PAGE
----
“I’m thankful for the Rockies in maybe more ways than I can count. I’m old enough that every season of Rockies baseball came after I was born, but young enough that I’ve known nothing but Rockies baseball since childhood. I grew up idolizing wonderful stars like Larry Walker and Todd Helton, and have seen and players and faces change, come, and go over the years. I cherish my Rockies, through both the good times and the not-so-good. From the exhilarating highs of Rocktober, to feeling my stomach drop out as we were swept in the World Series, to the 2017 and 2018 playoff runs and the dark times of the early 2010s, they are truly my everything and my beloved Rockies.
I am also so profoundly thankful for the having the Rockies (however indirectly) lead me to this period in my life where I can say I am a professional writer. It’s an absolute dream come true to create for the fans, and interact with so many amazing and interesting people both inside and outside the Rockies organization.”
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After a long and storied 13 season career, 2015 World Series Champion closer Wade Davis has retired. The Rockies brought in Davis in 2018 with a three year, $52 million contract. He was a key piece of the Rockies’ 2018 playoff run, setting the franchise’s single season saves record with a career high 43. Unfortunately, injuries, altitude, and age finally caught up with him during a bumpy 2019 season and a 2020 where he made just five appearances. Despite how things may have worked out in Colorado, I wish Wade Davis nothing but a heartfelt congratulations on his retirement and a career well done.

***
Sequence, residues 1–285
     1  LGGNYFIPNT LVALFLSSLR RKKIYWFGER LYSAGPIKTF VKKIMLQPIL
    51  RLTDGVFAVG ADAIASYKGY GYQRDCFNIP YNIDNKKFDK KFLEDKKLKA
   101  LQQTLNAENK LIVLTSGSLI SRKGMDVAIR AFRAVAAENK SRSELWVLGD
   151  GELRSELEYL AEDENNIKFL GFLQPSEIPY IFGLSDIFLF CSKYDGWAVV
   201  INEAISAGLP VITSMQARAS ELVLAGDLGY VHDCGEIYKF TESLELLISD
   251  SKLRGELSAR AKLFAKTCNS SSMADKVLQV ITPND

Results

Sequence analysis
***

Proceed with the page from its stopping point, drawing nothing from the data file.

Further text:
Here are the 10 MLB prospects who impressed scouts the most in the Arizona Fall League this year | The Athletic ($)
Another writer is singing the praises of Rockies prospect shortstop Ezequiel Tovar, and this time it’s Zach Buchanan of the Athletic. Buchanan has good things to say about Tovar’s “really good” defense, though mentions it still needs some of the fine tuning that comes with experience. Tovar is just 20 years old. What Tovar needs to work on the most is his batting, where “he has tools, but they just need to come together.”